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A group of volunteers founded the Winnipeg Humane Society in 1894 and are vital to our success today! With the help of volunteers, we can provide care, love and attention to our four (and sometimes two) legged friends until they find their forever homes. The MVP (Monthly Volunteer Profile) will recognize the work and get to know these special MVP’s in a spotlight each month that includes an article and photo shoot. MVPs will receive a framed photo and gift card as our thanks!

Is there a volunteer you’d like to nominate to be MVP? E-mail us (volunteer@winnipeghumanesociety.ca) and tell us why you think they should be an MVP!

MVP is a volunteer-driven project with articles by Brian Kozak and pictures by Jim Harvey.

Check out our previous MVP’s.


MVP: Beth Pollard, Adele Walker and Jennifer Polet
See Spot Read Volunteer Team

Late, great film legend W.C. Fields might have once warned people to never work with children or animals, but that hasn’t prevented Winnipeg Humane Society volunteers Beth Pollard, Adele Walker and Jennifer Polet.

This month’s WHS co-MVPs are the volunteer assistants for the See Spot Read program, operated in partnership with St. John Ambulance. See Spot Read offers children a safe and non-judgmental opportunity to develop their reading and comprehension skills, reading out loud to therapy dogs.

The program offers three 10-week sessions a year. In each session there are three groups of six students (selected by the participating schools). While three students read to three dogs for 20-25 minutes, the other three students work with Adele, Beth or Jennifer (depending upon the day and location) on reading-related activities, such as a word search puzzles or a discussion about the book they just read. Then the students switch from reading to activities, or vice-versa.

Three therapy dogs attend each session and the child will read to the same dog every week for the 10 weeks. By doing so, a relationship is fostered between the child and dog. By the end of the 10 weeks, the children often refer to their canine friends as ‘my dog,’ Adele noted.

“It’s important that we use therapy dogs for the sessions,” she continued. “They have to be dogs that will lie still for a long time period on command.” Beth added that while the WHS coordinates the program, it relies upon the St. John Ambulance for extensive help. “We have three volunteer dog handlers from St. Johns that are there every week with their dog.”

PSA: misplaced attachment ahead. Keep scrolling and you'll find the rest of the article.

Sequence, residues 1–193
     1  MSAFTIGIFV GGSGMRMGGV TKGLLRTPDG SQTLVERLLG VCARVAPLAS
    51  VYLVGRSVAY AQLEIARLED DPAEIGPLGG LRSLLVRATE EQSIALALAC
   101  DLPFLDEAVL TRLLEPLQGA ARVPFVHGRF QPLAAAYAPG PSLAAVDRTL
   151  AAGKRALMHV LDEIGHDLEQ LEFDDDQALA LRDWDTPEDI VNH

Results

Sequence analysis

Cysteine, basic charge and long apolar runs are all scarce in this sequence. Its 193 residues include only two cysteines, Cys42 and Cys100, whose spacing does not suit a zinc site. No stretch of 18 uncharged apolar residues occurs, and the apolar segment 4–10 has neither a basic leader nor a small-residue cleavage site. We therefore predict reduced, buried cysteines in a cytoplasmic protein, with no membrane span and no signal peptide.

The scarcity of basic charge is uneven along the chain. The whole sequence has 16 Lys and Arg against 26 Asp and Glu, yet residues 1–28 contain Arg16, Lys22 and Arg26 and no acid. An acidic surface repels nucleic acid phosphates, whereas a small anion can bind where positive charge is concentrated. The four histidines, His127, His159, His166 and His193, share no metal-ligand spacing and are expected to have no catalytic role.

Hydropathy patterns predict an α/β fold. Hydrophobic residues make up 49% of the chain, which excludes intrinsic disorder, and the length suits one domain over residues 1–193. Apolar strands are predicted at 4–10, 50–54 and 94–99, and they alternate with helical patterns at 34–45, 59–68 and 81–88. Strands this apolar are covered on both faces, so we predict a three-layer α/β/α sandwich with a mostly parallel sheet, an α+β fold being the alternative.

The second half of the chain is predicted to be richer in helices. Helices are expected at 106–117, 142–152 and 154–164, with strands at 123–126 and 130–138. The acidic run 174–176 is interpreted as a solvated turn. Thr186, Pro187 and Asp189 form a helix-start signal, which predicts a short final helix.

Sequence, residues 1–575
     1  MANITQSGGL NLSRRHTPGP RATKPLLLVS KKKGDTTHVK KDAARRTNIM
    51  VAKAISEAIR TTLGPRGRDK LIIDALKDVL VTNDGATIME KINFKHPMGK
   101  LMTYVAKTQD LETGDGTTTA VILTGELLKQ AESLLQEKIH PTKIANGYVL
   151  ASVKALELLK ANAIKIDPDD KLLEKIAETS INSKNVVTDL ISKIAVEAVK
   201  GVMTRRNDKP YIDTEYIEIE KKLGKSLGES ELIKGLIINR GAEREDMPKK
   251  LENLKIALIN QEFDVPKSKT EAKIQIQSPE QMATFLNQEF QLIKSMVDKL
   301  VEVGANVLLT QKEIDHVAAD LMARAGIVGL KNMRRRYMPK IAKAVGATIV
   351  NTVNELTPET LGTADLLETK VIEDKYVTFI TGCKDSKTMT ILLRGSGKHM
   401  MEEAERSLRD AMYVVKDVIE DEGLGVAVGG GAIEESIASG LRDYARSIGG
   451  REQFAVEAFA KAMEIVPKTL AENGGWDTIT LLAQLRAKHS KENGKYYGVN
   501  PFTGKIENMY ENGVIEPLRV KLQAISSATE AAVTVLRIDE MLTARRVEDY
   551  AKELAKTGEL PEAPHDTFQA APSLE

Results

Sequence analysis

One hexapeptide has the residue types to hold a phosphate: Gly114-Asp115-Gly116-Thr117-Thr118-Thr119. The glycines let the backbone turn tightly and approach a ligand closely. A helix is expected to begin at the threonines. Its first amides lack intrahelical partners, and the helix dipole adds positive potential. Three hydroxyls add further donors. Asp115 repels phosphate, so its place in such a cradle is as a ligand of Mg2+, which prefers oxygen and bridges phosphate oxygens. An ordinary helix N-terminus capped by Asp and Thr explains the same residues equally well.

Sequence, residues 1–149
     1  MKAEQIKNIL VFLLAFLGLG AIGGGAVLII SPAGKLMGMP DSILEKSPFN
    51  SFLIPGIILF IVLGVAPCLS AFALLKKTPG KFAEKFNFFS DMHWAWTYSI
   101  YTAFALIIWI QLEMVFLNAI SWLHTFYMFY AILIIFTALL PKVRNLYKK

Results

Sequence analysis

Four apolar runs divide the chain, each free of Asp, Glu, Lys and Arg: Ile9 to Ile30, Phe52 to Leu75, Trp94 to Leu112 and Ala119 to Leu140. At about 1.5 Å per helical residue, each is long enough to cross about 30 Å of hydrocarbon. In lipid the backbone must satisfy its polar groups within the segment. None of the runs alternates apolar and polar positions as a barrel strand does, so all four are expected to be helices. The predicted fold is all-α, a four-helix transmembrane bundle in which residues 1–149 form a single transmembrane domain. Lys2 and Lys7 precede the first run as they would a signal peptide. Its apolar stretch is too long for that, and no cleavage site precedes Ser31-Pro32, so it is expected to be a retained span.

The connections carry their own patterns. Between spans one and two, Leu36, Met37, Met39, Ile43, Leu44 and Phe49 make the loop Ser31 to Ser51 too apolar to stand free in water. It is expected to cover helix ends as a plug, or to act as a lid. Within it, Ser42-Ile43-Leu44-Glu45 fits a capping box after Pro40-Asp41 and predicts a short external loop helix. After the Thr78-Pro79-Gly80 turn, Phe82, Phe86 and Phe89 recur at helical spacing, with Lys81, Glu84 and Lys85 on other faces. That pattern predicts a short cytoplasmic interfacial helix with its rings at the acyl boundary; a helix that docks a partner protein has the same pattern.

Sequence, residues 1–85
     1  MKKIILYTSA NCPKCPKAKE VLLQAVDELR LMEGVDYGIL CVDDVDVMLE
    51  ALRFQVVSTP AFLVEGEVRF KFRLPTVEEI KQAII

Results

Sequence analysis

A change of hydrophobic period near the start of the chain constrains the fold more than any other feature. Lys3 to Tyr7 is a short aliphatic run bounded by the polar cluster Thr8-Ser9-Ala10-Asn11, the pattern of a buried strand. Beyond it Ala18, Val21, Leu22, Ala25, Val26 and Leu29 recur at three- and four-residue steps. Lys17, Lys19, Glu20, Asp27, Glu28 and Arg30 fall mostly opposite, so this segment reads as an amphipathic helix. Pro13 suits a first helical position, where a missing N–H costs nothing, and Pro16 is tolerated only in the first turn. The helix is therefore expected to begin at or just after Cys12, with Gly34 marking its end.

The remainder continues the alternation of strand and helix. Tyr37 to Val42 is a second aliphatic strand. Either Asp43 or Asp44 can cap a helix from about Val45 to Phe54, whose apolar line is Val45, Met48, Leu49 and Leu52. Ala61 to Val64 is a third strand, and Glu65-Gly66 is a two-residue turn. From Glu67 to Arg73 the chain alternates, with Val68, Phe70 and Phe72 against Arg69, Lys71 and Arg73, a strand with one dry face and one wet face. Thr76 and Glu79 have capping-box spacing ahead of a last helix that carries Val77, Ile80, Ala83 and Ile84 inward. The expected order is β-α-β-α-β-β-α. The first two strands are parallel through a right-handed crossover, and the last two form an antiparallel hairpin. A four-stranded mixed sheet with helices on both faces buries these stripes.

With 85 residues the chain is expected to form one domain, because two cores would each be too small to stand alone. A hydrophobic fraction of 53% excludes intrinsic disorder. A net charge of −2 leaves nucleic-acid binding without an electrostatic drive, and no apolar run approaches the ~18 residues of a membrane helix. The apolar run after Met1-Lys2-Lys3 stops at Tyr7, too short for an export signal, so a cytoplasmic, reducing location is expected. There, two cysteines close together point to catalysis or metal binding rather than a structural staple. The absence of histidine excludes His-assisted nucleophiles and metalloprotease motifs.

The dogs are an assortment of breeds: big labs, Chihuahua mixes and more. There was even one student who they found out was afraid of dogs and was paired with a large Newfoundland dog. By the end of the session, the two were best friends.

Each of the MVPs got their start in other areas of the Humane Society but found their calling in See Spot Read.

Jennifer had a career as an education assistant and had been a WHS volunteer for several years when she was approached to help out with this because of her background. “I jumped at it because it incorporates everything we’re all interested in,” she said.

Beth, who has also participated in the annual bake sale, Paws for the Season, and other events, said she came to the Humane Society after her dog passed away and “I needed a dog fix.” She learned about the See Spot Read at the volunteer orientation session five years ago and was drawn to the program.

Adele has been a fixture with the WHS. She often leads the tours at volunteer orientation sessions because at one time or another over her many years at the WHS, she’s done almost every volunteer job. Currently, in addition to See Spot Read, she does remote canine handling, is a photography assistant, prepping the animals for their pictures you see on the WHS website, and assisting at all sorts of special events.

The women’s hard work and dedication is appreciated at the WHS. “These volunteers work so hard for this program to run smoothly and they do it with such passion for the program,” said Angela Rinne, WHS assistant manager of Education, responsible for running See Spot Read. “They really believe in the magic that the program creates for the students that participate, and we could not run See Spot Read without them. They build strong relationships with our St John Ambulance volunteers and dogs, as well as the students and staff from our participating schools. They are truly appreciated for all of the hard work and dedication they show.”

Well, WC Fields’ opinion notwithstanding, Beth, Adele and Jennifer are very happy to work with dogs and children.

“We’re here because we love animals and we like working with children so this is the best of both worlds, said Jennifer.

“It’s heart warming to see the kids come out of their shells,” added Beth. “They can be very funny. One came in the first day and said to me “I’m here to face my fears. I said ‘What are your fears?’ and it turned out he was afraid of dogs. You get that kind of thing from the children.”

“The kids end up loving the dogs because they read to the same dog for 10 weeks and they get really attached,” said Adele. “The owners bring their dogs and if they’re a little late the kids will sometimes get upset, but all is forgiven once the dog arrives.”